|Human rights lawyer |
Former Solicitor General, Tiawon Gongloe
Written by Kennedy L. Yangian FPA Staff Writer
Source: Front Page AFrica
Barely few days to the holding of what observers consider crucial presidential and legislative elections in the country, a human rights lawyer and former solicitor general, Tiawon Gongloe has commented on what he says is a crucial electoral issue.
In an FPA interview Tuesday, October 4, 2011 surrounding issues pertaining to the pending elections most importantly the issue of corruption, Cllr. Gongloe said despite various platforms put forth by the contesting political parties including that of the ruling Unity Party(UP), there has been no strategy by the parties toward the fight of corruption.
“Corruption is a very serious electoral issue but I have not heard anything, any strategy from the opposition or the ruling party as to what to do than what they've done to fight corruption in the last six years.
According to Cllr. Gongloe the Code of Conduct Bill introduced in the Senate by him was one step to curtail corruption but the bill introduced since 2007 up to present still lay before the senate which he thinks will not be passed.
He said all of the political parties in the country are represented at the House but only few of the members were able to sit with him to discuss the bill, instead, the Senate was able to pass a bill which just spent two months on the Senate’s floor to give political parties US$2M.
Cllr Gongloe noted that what worries him most is that the Senate was able to pass a bill to put money in someone’s pocket and leave out bill that will stop corruption and bring pride and dignity to government. Commenting on the issue of the pending election just few days away, Cllr. Gongloe called on Liberians to be patient as the Supreme Court carries out litigation into the 10-year residency clause.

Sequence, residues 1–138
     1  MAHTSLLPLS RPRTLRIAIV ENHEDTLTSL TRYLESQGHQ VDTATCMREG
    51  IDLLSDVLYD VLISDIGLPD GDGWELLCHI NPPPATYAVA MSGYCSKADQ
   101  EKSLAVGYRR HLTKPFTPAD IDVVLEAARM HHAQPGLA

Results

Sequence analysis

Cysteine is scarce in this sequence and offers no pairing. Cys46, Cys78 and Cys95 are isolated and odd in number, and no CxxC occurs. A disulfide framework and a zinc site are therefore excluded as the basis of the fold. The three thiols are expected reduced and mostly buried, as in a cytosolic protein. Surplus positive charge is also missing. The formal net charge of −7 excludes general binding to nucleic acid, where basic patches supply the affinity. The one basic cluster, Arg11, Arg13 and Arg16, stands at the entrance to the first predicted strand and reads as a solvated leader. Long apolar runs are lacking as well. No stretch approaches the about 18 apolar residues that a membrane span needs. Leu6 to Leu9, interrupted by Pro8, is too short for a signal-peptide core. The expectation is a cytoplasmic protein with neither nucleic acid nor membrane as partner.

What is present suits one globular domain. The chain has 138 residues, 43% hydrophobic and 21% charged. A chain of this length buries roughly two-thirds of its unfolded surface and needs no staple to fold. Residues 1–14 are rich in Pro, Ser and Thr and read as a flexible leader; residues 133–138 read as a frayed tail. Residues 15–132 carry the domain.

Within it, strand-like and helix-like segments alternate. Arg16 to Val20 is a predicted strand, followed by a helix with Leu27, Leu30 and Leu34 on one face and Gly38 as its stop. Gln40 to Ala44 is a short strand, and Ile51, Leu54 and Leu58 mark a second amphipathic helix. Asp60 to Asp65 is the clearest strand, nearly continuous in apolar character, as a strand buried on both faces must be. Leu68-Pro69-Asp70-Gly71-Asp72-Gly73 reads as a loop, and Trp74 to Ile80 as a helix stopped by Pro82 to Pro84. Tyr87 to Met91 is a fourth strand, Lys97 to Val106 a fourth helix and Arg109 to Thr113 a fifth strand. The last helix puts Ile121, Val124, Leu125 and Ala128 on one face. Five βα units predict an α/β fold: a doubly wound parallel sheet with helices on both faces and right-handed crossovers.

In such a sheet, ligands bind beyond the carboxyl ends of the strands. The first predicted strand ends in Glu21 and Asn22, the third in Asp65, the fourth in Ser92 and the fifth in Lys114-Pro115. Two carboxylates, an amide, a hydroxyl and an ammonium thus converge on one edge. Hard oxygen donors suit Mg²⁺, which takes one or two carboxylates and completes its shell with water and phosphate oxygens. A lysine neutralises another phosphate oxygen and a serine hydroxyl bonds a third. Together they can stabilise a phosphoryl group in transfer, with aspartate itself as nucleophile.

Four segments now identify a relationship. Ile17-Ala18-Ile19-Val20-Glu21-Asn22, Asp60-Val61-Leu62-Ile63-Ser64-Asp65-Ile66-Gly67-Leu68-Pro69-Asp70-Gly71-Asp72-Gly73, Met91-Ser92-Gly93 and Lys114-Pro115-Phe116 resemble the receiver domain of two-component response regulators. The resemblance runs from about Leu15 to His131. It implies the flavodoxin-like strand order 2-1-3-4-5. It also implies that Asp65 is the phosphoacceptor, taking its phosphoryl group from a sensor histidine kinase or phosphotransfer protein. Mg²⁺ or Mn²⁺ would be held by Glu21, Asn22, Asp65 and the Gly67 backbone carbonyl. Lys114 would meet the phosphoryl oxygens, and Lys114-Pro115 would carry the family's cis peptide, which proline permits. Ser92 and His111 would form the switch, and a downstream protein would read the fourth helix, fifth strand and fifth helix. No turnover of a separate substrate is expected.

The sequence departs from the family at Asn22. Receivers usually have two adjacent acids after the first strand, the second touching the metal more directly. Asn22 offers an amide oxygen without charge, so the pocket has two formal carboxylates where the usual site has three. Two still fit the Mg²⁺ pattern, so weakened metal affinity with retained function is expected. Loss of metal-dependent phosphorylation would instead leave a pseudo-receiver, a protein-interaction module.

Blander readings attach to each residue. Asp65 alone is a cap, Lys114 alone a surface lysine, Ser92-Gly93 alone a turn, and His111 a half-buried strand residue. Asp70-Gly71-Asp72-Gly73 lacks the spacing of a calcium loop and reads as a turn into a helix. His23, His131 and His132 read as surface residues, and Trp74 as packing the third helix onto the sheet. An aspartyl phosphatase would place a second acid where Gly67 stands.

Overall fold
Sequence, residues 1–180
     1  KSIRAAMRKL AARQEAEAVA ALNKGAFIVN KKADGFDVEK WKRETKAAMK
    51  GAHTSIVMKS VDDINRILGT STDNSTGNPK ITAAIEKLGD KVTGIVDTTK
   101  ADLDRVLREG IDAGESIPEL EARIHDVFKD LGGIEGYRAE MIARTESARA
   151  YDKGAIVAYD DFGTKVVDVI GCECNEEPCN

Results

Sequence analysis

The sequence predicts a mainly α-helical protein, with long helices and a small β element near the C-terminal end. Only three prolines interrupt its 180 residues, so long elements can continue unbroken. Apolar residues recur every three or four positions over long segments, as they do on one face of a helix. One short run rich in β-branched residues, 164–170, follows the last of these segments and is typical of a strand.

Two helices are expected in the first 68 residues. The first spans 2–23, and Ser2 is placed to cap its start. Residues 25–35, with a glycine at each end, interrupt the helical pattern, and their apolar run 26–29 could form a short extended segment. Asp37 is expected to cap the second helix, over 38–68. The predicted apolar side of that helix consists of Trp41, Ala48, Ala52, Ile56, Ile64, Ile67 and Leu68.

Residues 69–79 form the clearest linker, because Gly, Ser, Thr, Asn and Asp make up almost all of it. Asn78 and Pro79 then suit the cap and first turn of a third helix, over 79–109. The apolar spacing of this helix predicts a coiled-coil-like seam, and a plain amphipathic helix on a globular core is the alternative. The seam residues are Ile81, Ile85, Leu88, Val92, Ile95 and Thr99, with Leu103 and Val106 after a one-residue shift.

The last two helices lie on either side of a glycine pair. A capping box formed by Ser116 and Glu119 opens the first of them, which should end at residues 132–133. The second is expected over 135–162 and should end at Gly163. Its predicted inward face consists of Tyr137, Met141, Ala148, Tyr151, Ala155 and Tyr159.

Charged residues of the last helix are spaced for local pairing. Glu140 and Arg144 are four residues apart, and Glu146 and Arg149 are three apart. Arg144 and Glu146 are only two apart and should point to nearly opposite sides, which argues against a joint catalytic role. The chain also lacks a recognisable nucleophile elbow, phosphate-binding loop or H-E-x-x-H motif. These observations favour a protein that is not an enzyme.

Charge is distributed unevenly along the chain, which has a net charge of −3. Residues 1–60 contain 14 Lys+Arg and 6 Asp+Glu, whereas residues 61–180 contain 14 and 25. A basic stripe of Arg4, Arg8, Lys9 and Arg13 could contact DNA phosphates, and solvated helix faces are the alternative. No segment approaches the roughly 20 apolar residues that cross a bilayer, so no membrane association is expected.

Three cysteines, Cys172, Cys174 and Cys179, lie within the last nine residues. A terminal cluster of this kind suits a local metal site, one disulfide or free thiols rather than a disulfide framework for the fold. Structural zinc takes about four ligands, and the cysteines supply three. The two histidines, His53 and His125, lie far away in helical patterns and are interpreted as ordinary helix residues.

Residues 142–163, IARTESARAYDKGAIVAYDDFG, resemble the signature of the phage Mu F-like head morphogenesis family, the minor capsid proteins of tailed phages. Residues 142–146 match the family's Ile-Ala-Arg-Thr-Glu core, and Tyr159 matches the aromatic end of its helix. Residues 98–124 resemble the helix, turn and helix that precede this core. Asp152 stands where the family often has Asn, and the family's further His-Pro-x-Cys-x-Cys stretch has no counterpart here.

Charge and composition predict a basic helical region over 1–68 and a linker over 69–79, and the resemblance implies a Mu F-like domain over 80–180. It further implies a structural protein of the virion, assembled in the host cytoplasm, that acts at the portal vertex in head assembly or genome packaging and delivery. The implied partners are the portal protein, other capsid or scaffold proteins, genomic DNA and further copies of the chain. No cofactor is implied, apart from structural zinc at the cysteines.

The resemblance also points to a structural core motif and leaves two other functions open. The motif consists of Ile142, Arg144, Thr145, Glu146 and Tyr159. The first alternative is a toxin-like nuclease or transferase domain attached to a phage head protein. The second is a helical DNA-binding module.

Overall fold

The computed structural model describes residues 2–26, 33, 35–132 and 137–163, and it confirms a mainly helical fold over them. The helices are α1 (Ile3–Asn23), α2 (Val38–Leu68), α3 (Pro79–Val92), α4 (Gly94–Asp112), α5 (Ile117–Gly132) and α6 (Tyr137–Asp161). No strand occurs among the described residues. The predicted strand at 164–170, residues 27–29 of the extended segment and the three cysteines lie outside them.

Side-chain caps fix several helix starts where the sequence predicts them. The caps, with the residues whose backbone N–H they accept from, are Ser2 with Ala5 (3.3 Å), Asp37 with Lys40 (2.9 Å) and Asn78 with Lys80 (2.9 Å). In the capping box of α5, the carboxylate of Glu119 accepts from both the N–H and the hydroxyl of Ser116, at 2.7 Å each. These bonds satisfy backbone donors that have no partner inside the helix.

According to Cllr. Gongloe government has three distinct branches which has separate powers and if matter does arise from two of the branches the matter rests with the Supreme Court to find an amicable solution as the court is noted for peace and not to ferment conflict.
Conduct of the elections
Still on the pending elections, the human rights lawyer said that the 2011 elections was very interesting because this is the first time in more than 50 years in the country’s history for a sitting president to compete in a highly competitive election and has the opportunity to maintain the presidential seat.
Again, the human rights lawyer said the election is also interesting because this will be the first time in the country that if the sitting president loses the election there will be a new person to replace her as was the case of former president William V.S. Tubman in 1943.
On the issue of the election being rigged as been speculated in certain quarters, Cllr. Gongloe said there is no possibility for rigging the election because the commissioners are men and women of integrity who have history for fighting for a better Liberia.
He said those on the election don’t want to go down in the history of Lafayette Harmon 1927 who conducted an election where there was less voters than the results he announced for Charles C.D. King to win the election to become president.
Also on the issue of free fair and transparent elections, Cllr. Gongloe reiterated that members of the election commission don’t want to go down in the history like Emmett Harmon who conducted a questionable election.
On the issue of the slogan of the Unity Party in the upcoming elections, ‘let baboon wait small monkey is still working’, the human rights lawyer said he doesn’t want to get involved with interpreting slogans but Liberians are against negative slogans because it has the propensity to negatively impact the polls.
Commenting on the indefinite suspension of Liberia Broadcasting System Director-General Ambrose Nmah for airing the press conference of the opposition party, the Congress for Democratic Change CDC, Cllr. Gongloe said he doesn’t want to hear the reason given for that suspension and there should be other reasons than the one being provided.
However, Cllr Tiawon Gongloe admonished Liberians that as they go to the polls to not think of what they will get from the winner but the future and stability of the country. He promised that come January of next year when a new government is seated, he will ensure through the legislation that criminal malevolence law against the press is repealed.